Don't miss

Replay


LATEST SHOWS

FRANCE IN FOCUS

French education: Reinventing the idea of school

Read more

FRENCH CONNECTIONS

Frogs legs and brains? The French food hard to stomach

Read more

#TECH 24

Station F: Putting Paris on the global tech map

Read more

THE INTERVIEW

Davos 2017: 'I believe in the power of entrepreneurs to change the world'

Read more

#THE 51%

Equality in the boardroom: French law requires large firms to have 40% women on boards

Read more

FASHION

Men's fashion: Winter 2017/2018 collections shake up gender barriers

Read more

ENCORE!

Turkish writer Aslı Erdoğan speaks out about her time behind bars

Read more

REVISITED

Video: Threat of economic crisis still looms in Zimbabwe

Read more

BUSINESS DAILY

DAVOS 2017: Has the bubble burst?

Read more

Middle east

King Abdullah II dissolves parliament, calls early election

Text by News Wires

Latest update : 2009-11-23

Faced with mounting criticism over government inaction, King Abdullah II of Jordan dissolved parliament on Monday and ordered the holding of a general election two years before the scheduled date.

AFP - King Abdullah II of Jordan dissolved parliament on Monday and ordered the holding of a general election two years early.
   
In a royal decree, the king dissolved parliament from Tuesday and instructed the government to take the necessary steps to organise the poll.
   
The outgoing parliament, which was dominated by independent and tribal MPs loyal to the king, had come under mounting press criticism for inaction and failure to do more to oversee the government.
   
Some pro-government MPs have been pushing for changes to the electoral law that the Islamist opposition charges would further disadvantage their candidates.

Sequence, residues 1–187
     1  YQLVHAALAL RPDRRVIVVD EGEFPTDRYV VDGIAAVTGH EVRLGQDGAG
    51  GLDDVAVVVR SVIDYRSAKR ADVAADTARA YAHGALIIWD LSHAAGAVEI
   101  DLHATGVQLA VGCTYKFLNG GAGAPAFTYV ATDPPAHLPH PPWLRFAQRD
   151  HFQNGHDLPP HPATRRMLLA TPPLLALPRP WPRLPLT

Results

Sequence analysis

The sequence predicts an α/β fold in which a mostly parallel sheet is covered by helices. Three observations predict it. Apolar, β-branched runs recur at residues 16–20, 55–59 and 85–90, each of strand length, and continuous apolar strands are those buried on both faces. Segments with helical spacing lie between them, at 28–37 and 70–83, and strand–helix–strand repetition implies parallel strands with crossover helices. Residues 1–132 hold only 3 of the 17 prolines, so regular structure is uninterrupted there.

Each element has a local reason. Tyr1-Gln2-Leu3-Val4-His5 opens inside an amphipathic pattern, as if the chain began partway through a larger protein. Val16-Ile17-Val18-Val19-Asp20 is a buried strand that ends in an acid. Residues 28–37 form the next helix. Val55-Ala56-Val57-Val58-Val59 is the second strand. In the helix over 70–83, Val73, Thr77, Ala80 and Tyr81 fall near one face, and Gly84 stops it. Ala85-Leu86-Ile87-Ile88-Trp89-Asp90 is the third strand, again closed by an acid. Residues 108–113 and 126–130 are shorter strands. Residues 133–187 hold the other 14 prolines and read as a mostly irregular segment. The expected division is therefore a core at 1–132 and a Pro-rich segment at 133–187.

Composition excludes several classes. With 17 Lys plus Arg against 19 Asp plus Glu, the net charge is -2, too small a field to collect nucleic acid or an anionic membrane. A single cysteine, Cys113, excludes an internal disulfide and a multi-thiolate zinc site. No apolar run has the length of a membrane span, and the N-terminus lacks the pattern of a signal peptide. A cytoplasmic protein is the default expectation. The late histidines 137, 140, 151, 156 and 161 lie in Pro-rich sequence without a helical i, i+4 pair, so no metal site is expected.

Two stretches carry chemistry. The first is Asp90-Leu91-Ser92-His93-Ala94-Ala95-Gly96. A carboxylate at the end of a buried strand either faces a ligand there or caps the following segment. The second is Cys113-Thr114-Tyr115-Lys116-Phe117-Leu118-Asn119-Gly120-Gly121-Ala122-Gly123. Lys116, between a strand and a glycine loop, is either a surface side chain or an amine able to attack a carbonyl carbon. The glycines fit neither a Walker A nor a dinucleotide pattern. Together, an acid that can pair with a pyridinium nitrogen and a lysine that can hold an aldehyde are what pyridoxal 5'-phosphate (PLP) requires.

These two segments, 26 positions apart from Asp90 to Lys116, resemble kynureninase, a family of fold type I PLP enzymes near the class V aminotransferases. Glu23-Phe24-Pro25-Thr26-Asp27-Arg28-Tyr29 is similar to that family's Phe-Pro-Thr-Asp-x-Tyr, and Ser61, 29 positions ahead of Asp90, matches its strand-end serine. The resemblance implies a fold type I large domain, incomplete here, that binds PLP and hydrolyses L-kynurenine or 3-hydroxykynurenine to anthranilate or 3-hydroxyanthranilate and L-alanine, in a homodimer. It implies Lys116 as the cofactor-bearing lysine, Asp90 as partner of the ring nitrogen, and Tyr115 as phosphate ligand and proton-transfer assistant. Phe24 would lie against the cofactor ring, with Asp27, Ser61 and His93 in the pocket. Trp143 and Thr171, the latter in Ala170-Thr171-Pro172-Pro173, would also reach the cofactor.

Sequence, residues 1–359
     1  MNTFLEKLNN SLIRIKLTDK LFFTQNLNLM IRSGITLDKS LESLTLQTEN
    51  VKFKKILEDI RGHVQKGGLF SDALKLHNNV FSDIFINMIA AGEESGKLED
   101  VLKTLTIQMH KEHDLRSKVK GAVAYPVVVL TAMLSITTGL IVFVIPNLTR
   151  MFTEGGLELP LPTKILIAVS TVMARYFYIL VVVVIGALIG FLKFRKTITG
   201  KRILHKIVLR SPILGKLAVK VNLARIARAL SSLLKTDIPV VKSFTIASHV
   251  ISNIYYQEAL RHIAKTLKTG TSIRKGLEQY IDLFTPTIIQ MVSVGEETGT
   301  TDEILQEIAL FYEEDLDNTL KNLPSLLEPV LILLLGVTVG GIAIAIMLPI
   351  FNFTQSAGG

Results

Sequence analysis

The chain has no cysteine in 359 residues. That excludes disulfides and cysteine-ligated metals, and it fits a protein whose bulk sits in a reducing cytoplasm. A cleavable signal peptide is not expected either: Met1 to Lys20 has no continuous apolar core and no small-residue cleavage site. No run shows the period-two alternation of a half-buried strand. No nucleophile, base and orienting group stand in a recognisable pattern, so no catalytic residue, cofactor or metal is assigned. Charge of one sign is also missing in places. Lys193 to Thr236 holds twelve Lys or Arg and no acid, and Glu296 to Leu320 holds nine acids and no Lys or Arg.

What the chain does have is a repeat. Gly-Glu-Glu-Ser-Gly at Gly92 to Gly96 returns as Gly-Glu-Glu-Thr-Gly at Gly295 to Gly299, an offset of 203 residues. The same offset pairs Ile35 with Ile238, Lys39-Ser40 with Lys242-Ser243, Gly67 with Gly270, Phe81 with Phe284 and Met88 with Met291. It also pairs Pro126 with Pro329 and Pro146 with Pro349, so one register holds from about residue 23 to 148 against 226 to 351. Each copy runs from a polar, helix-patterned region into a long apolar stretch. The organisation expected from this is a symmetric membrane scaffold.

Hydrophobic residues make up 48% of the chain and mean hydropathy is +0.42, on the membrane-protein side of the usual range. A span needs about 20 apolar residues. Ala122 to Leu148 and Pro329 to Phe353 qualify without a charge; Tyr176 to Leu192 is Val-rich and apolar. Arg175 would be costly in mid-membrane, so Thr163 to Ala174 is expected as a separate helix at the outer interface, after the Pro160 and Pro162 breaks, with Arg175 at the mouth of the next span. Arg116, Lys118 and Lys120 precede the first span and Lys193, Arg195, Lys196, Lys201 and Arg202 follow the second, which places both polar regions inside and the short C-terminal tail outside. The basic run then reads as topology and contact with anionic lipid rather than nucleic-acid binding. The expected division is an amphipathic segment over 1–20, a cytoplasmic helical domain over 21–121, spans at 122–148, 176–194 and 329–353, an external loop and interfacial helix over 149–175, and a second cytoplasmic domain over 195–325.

It was not immediately clear if the law would be amended before the early election, which had not been due before November 2011. It was the second time the king had dissolved parliament early since he acceded to the throne in 1999.
   
Only six of the 22 candidates fielded by the Islamic Action Front were victorious in the last general election on November 20, 2007, a tally sharply down on the 17 seats the group won in the previous polls in 2003.
   
After that vote, the Islamic Action Front, the political wing of the Muslim Brotherhood, charged that there had been widespread vote-buying in some constituencies despite pledges of transparency from the government.
   
Even in their traditional stronghold of Zarqa, an impoverished city east of the capital Amman, the Islamists failed to win a single seat.
   
The Islamist group had withdrawn all of its candidates from municipal polls in July 2007 complaining that there were insufficient safeguards against electoral fraud.
   
However Jordan's US ally praised the conduct of the 2007 parliamentary election, saying that it had been a "smooth process that included independent national observers, a high percentage of women candidates and female voter turnout, and active participation by Jordanian civil society."
   
"We commend the government and Jordan's citizens for ensuring another step has been taken on the country's path of political development," a US statement said at the time.
   
Seven women won election that time -- one more than the statutory quota. It was the first time a woman had ever won an unreserved seat.

Date created : 2009-11-23

COMMENT(S)